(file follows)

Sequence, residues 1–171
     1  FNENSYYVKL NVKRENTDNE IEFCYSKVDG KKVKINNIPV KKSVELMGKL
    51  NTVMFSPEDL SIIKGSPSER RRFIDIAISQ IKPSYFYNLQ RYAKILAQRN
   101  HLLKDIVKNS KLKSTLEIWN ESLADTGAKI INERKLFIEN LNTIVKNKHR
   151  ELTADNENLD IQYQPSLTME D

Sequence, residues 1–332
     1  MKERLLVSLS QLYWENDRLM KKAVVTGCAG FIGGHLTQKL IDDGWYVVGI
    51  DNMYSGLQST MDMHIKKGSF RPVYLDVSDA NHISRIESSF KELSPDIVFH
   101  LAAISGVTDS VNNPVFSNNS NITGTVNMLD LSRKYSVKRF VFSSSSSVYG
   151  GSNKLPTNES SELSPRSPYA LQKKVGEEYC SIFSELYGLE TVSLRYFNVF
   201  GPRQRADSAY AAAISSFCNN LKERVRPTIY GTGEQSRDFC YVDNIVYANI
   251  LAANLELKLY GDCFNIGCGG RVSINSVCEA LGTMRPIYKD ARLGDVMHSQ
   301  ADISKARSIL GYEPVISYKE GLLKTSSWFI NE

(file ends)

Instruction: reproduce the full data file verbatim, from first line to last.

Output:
Sequence, residues 1–171
     1  FNENSYYVKL NVKRENTDNE IEFCYSKVDG KKVKINNIPV KKSVELMGKL
    51  NTVMFSPEDL SIIKGSPSER RRFIDIAISQ IKPSYFYNLQ RYAKILAQRN
   101  HLLKDIVKNS KLKSTLEIWN ESLADTGAKI INERKLFIEN LNTIVKNKHR
   151  ELTADNENLD IQYQPSLTME D

Sequence, residues 1–332
     1  MKERLLVSLS QLYWENDRLM KKAVVTGCAG FIGGHLTQKL IDDGWYVVGI
    51  DNMYSGLQST MDMHIKKGSF RPVYLDVSDA NHISRIESSF KELSPDIVFH
   101  LAAISGVTDS VNNPVFSNNS NITGTVNMLD LSRKYSVKRF VFSSSSSVYG
   151  GSNKLPTNES SELSPRSPYA LQKKVGEEYC SIFSELYGLE TVSLRYFNVF
   201  GPRQRADSAY AAAISSFCNN LKERVRPTIY GTGEQSRDFC YVDNIVYANI
   251  LAANLELKLY GDCFNIGCGG RVSINSVCEA LGTMRPIYKD ARLGDVMHSQ
   301  ADISKARSIL GYEPVISYKE GLLKTSSWFI NE